This is a partial transcript from "The O'Reilly Factor," April 22, 2004 that has been edited for clarity.

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BILL O'REILLY HOST: "Impact segment" tonight, the CBS program "48 Hours" has angered some people by using two black and white pictures of a dying Princess Diana. (search) The photos were part of a file accumulated by French investigators.

CBS declined to appear on "The Factor" this evening, but says the pictures are not exploitative.

Joining us now from Syracuse is Dr. Robert Thompson (search), the director of the Center for the Study of Popular Television at Syracuse University. I did not see this program. You did, doctor.

ROBERT THOMPSON, PHD, SYRACUSE UNIVERSITY PROFESSOR: I did.

O'REILLY: The photos, when you saw them, what did you think?

THOMPSON: Well, actually, it wasn't the most graphic thing in the show. They were - they looked to be photocopies of black and white photos that were already quite grainy. And she was in a relatively serene position. She wasn't all mangled or didn't appear to be even all that injured.

They went back - went by relatively quickly. And I suppose compared to comparable documentaries about the Kennedy assassination, where we see the Zapruder film, for example, these things were very, very tame.

O'REILLY: All right, so was there a doctor attending to the princess? Is that what the pictures showed or just her?

THOMPSON: No, it was her amidst the wreckage, relatively close-up. And of course, one of the things that showing these pictures indicate is sort of the bizarre nature of this paparazzi culture, because of course, this picture came not from a doctor, not from an attending law enforcement official, but in fact, they came from the cameras of confiscated film of the paparazzi.

O'REILLY: All right, now I have to tell the audience that Fox News does not want to show those pictures. We have them, but the decision has been made not to show them. And I can understand the decision because I do believe showing a dying woman in a car doesn't serve any purpose. Did it serve a purpose in the "48 Hours" episode?

THOMPSON: Well, you know, there are two purposes of this thing. One is to cater to the seemingly insatiable appetite that so many Americans seem to have for this story.

O'REILLY: But that's not the purpose. That's -- but wait a minute.

THOMPSON: Right.

O'REILLY: Wait. CBS said it didn't exploit the situation. What you just described is exploitation.

THOMPSON: Right, so that's one...

O'REILLY: All right, let's discount that.

THOMPSON: ...the same with the NBC stuff last time, which is just that people seem to be obsessed with this story. It's not, after all, breaking news.

On the other hand, the premise of this story was actually an OK premise for a journalistic documentary. The idea is that their polls showed that 25 percent of the people still think that this was not an accident. 76 percent of those polled think we will never get to the bottom of it. So this hour, presumably, was about debunking all the conspiracy theory myths about her pregnancy and that she was murdered.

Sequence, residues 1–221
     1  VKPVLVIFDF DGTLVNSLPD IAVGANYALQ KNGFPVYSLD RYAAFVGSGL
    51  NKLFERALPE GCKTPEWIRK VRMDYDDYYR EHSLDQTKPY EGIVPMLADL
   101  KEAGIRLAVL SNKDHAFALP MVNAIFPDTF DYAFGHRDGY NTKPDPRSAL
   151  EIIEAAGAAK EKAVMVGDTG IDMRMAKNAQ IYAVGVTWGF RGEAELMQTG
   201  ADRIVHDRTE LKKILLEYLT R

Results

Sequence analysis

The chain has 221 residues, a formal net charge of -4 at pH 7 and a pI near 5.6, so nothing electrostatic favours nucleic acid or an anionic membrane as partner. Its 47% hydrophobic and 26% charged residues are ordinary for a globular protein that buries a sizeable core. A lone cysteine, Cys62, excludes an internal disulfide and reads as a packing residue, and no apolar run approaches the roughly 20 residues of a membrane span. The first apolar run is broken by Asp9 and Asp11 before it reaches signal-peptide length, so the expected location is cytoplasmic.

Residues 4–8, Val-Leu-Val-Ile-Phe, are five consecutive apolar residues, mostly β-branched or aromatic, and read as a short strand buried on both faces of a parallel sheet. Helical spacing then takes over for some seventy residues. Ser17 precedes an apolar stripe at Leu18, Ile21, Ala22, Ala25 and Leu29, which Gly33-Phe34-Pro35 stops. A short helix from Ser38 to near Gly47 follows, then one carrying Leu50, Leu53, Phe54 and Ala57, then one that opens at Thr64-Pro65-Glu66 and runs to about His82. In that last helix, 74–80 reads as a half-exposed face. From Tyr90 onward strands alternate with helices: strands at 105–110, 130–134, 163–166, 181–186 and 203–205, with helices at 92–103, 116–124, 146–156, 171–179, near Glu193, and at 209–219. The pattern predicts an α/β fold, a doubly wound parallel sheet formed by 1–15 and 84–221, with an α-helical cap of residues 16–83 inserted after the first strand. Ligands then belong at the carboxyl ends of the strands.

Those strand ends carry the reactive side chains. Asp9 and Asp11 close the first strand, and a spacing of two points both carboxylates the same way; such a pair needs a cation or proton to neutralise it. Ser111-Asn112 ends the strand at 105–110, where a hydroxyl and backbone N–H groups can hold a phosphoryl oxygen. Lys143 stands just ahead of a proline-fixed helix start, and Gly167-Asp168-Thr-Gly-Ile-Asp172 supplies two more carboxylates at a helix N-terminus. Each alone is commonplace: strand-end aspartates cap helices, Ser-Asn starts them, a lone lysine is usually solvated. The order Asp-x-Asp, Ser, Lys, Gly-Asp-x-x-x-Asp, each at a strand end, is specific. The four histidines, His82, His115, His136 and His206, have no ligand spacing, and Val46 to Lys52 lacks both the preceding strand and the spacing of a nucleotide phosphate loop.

O'REILLY: OK.

THOMPSON: And the brake lines were cut.

O'REILLY: And what did the two pictures of her in her last moments on this earth lend to debunking the foolishness of these people, who believed it was a conspiracy?

THOMPSON: It lent nothing. It was not necessary to tell the story.

O'REILLY: OK, so it was gratuitous?

THOMPSON: There's no question about that.

O'REILLY: All right, so...

THOMPSON: Well, I'm not sure it's one or the other. I'm not sure it's one or the other.

O'REILLY: Whoa, whoa, whoa. If the pictures -- if the pictures of a dying woman lent nothing to debunking what you say was the point of the piece and you do admit that using them was exploitative, then CBS, what they're saying, isn't true. It was done to stimulate an audience who wants to see this voyeurism stuff.

THOMPSON: Well, I'm not arguing that it was done partially for that reason. Let's face it that - the people...

O'REILLY: CBS...

THOMPSON: ..."48 Hours" things - you know, they were partially brought to that show because they...

O'REILLY: The sensationalism of this.

THOMPSON: ...were the never before pictures of the dying princess.

O'REILLY: OK. So I'm going to have to come down based on your description that this was an exploitative thing that wasn't necessary to prove this point. Last question, would CBS have done this 10 years ago?

THOMPSON: I think CBS, in this context, would have done it 10 years ago. And I think if you compare the kinds of things we see in the Kennedy assassination documentaries that are a perfect examples. Those films don't actually get us closer now to answering the question. We show it as part of this larger picture.

O'REILLY: Yes, but what you're doing, doctor...

THOMPSON: (UNINTELLIGIBLE).

O'REILLY: ...is what I always tell FACTOR viewers not to do, justify one bad behavior with other bad behavior. OK, doctor. Everybody's got it. Thanks for your expertise. We appreciate it.

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